18. 18. resources of the organization; namely men, material, money etc. In business enterprise most organized groups, a prime requirement is money. There is seldom an organization without some measure of capital, a requisite for fraternal, social and religious groups as well as for business organizations. Material includes the physical properties of a business such as production equipment. The people who are members of the organization are the third element. These three elements form a convenient mnemonic device, the three m’s of management, money, materials and men. Although, an over simplification, this device is an aid in remembering the coordinative aspect of management. 2. The coordination of the resources of an organization is achieved by means of the management functions of planning, organizing, directing and controlling. 3. A definition of management as the coordination of resources through the utilization of the functions of the management process is not complete. Management is a process; it is directed toward the attainment of stated goals or objectives. Without an objective, there is no goal to reach or no path to follow. The concept of goal as an objective provides the purposive characteristics of management. Based on the above explanation, Sisk (1973) therefore, defined management as the coordination of all resources through the process of planning, organizing, directing and controlling in order to attain stated objectives. 18
  19. 19. 2.1 STRATEGIC MANAGEMENT DEFINED Chandler (1962) made a comprehensive analysis of interrelationship among environment, strategy, and organizational structure. He analyzed the history of organizational change in 79 manufacturing firms in the US. While doing so, Chandler defined strategy as: “The determination of the basic long-term goals and objectives of an enterprise and the adoption of the courses of action and the allocation of resources necessary for carrying out these goals”. Chandler refers to three aspects:  Determination of basic long term goals and objectives,  Adoption of course of action to achieve these objectives, and  Allocation of resources necessary for adopting the course of action. Andrews (1965) defines strategy as: “The pattern of objective, purpose, goals and the major policies and plans for achieving these goals stated in such a way so as to define what business the company is in or is to be and the kind of company it is or is to be: This definition refers to the ‘business definition’, which is a way of stating the current and desired future position of company, and the objectives, purpose, goals, major policies and plans required to take the company from where it is to where it wants to be. Ansoff (1965) explains the concept of strategic management as: “the common thread among organization’s activities and product-market that 19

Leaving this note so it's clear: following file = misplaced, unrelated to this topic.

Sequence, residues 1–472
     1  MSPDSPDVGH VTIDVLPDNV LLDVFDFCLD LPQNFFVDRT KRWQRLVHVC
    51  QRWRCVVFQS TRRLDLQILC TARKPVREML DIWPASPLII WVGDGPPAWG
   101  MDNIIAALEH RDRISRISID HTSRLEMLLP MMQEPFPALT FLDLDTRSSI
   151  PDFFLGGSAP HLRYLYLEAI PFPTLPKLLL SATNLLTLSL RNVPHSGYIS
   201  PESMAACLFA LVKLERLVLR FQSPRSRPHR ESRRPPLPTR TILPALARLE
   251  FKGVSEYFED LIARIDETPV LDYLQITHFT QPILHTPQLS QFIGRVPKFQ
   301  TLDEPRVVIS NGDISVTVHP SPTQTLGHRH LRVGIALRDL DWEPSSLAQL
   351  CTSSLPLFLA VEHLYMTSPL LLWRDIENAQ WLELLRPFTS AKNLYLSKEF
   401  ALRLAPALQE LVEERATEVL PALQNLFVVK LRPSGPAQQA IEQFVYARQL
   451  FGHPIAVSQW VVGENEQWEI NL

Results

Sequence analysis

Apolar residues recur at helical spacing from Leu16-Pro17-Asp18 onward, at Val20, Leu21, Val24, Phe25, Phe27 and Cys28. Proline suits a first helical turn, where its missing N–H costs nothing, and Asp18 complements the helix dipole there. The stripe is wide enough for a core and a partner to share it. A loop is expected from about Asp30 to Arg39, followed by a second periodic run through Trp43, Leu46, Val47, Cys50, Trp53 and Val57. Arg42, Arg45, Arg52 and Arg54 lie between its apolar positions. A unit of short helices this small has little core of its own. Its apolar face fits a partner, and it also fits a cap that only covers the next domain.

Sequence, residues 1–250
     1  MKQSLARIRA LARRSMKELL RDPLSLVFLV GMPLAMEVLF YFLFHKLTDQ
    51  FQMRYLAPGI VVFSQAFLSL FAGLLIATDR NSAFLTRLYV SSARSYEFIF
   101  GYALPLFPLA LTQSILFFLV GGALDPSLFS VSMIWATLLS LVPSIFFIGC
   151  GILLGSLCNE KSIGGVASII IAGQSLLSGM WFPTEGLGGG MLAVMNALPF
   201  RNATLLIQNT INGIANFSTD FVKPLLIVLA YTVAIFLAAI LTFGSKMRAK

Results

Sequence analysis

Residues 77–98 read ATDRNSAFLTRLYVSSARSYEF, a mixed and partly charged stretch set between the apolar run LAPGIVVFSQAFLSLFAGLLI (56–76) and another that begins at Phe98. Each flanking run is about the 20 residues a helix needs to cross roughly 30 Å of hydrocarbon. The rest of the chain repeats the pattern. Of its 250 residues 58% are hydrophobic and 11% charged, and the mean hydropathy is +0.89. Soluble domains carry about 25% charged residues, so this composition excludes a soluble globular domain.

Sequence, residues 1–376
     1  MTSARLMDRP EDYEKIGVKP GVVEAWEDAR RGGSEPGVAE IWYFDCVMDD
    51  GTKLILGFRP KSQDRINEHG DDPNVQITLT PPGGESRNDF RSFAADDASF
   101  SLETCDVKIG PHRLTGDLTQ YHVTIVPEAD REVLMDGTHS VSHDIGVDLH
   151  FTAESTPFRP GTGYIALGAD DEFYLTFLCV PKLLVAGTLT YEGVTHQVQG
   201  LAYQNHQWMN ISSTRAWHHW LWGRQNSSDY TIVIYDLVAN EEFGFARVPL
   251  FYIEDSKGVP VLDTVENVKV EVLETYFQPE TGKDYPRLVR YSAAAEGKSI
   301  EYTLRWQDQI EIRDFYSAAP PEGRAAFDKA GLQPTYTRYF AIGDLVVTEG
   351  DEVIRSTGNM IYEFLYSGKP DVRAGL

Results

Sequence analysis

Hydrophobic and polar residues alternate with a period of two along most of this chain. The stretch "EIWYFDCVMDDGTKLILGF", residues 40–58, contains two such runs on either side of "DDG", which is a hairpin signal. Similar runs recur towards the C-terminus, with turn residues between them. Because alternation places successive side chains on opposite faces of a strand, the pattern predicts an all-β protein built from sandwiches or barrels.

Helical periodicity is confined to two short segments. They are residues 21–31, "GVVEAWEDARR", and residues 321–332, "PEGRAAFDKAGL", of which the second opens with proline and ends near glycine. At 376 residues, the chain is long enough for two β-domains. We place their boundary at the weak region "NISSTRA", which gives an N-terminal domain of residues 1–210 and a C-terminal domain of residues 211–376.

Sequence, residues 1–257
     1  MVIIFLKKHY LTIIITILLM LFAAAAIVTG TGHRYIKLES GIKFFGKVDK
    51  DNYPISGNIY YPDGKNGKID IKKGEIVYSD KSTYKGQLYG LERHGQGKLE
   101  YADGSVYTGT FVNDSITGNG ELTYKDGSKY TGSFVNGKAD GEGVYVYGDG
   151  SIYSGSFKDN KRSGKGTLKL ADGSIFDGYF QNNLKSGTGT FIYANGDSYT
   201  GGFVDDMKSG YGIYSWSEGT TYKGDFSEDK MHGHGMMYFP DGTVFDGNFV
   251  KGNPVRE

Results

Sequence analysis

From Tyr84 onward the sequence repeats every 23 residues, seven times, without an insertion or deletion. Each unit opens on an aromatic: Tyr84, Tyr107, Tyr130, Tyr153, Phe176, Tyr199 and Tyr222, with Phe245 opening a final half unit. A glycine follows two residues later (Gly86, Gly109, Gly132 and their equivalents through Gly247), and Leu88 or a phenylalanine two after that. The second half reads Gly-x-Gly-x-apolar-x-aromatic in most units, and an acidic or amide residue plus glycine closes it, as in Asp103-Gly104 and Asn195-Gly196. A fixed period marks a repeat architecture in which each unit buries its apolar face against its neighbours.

20. 20. defines the essential nature of business that the organization was or planned to be in future”. Ansoff (1965) stressed the commonality of approach that exists in diverse organizational activities including the products and markets that defines the current and planned nature of business. Glueck (1980), defined strategy precisely as: “A unified, comprehensive and integrated plan designed to assure that the basic objective of the enterprise are achieved”. The three adjectives that Glueck used to define a plan made the definition quite adequate. ‘Unified’ means that the plan joins all the parts of an enterprise together; ‘comprehensive’ means it covers all the major aspects of the enterprise, and ‘integrated’ means that all parts of the plan are compatible with each other. Mintzberg (1987) defines strategy as “a pattern in a stream of decision and actions” Mintzberg distinguishes between intended strategies and emergent strategies. An intended strategy refers to the plans that managers develop, while emergent strategies are the actions that actually take place over a period of time. In this manner, an organization may start with a deliberate design of strategy and end up with another form of strategy that is actually realized. Porter (1980) made invaluable contribution to the development of the concept of strategy. His ideas on competitive advantages, the five-force model, generic strategies, and value chain are quite popular. He opines 20